1789: Divider, used for marking equal widths across a board. The
device can split a width into anything from 2 to 10 equal pieces.
1790: A nutcracker, for really tough nuts? Ok, this may not have been
the generally intended use for the pictured hardware.
1791: Curling stone in a wooden box.
1792: The back of a bus or train seat, showing a holder for schedules.
1793: Ice fishing apparatus (a trap or tip up?) designed to trip when
a fish hits your line.
1791 is definitely a curling stone, although and an old one with a metal
goose-neck handle. Should have a leather washer between the handle base and
the stone, sometimes a coloured identifying collar (green for leads, yellow
for second, red for vice, blue for skip depending on the club).
Newer style has a one piece plastic handle.
Amazing how many people recognize this lesser known sports equipment.
1789) This is for equal spacing for holes for rivets used to join
metalwork when making aircraft. You place marks for the end two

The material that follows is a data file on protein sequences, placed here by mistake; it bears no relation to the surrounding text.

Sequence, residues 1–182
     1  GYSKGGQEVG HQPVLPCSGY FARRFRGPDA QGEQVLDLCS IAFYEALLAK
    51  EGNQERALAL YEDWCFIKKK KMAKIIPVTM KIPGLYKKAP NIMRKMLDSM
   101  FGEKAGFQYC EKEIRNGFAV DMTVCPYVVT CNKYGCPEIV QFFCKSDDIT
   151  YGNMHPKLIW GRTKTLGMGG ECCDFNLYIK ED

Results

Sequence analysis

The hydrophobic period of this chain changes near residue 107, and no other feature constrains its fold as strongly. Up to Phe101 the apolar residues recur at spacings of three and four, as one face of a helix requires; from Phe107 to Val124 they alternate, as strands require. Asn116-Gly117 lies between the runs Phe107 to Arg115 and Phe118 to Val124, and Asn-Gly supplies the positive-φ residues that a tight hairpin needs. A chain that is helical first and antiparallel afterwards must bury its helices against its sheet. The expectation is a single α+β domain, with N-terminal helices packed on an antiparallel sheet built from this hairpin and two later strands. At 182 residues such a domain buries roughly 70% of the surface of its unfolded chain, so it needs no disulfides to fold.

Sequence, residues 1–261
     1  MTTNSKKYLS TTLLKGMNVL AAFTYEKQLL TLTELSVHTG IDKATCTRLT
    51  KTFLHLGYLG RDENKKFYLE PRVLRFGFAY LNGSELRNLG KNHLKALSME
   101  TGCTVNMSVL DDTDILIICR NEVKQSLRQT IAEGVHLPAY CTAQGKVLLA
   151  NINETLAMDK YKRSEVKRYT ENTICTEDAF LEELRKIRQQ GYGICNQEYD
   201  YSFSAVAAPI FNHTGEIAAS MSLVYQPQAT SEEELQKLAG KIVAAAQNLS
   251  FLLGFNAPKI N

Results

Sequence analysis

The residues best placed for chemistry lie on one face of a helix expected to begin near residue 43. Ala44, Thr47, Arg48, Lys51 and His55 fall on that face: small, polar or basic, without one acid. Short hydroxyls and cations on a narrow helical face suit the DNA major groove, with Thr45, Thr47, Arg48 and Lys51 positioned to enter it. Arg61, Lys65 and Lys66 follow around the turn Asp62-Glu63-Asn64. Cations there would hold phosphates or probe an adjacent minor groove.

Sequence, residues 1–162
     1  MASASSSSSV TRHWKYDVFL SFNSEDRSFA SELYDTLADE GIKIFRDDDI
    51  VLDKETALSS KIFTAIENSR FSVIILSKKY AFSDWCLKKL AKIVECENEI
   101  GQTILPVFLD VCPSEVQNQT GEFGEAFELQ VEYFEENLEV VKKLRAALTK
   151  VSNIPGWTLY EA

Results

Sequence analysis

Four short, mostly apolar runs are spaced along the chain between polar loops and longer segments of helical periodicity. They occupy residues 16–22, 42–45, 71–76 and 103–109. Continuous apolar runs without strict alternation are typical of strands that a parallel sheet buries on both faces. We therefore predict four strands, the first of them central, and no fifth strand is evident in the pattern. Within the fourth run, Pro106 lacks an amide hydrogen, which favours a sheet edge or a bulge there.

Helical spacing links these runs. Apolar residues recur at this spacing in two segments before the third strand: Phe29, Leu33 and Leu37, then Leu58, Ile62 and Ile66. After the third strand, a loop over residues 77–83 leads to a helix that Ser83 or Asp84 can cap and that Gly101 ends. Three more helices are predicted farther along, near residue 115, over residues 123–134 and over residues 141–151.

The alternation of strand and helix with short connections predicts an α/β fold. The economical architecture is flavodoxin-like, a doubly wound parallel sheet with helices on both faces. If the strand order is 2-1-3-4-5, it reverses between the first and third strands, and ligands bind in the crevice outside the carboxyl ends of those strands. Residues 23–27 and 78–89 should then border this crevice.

rivet holes, and then stretch it so the desired number of rivet
holes is represented by the proper number of points, and drag it
through layout die to set where to drill the holes. (Actually a
tool which I would like to own. :-)
1790) Either a sheet metal shear, or a machine to punch a set number
of holes. Nice and rigid, in any case.
It looks as though it is also set up to punch individual holes
using the hook-shaped part on the left in the photo.
1791) A curling stone. Probably from Canada.
1792) Weird. Sort of like a frog for a sword scabbard.
Sort of like a protective edge for a hatchet or axe
Sort of like something to be gripped and the edge pounded into
Not really sure. It is hard to tell which part is metal and
which is leather, given the coloration of both, though some
decorative and protective metal is obviousl
1793) This looks to me like a riot shield with what looks like an
electronic flash mounted to it -- which suggests perhaps a
camera on the other edge.
Not sure how many people would have seen these -- other than in
1794) Another strange beastie.
If the lever were not so skinny, I would think that it is a
lever operated punch, but this does not look solid enough for
that, so perhaps it is something which is tripped to pop up a
warning flag on the end of the long whip like lever. Perhaps
tripped by a wire, or a shot when used on a target range, or
Now to see what others have suggested.
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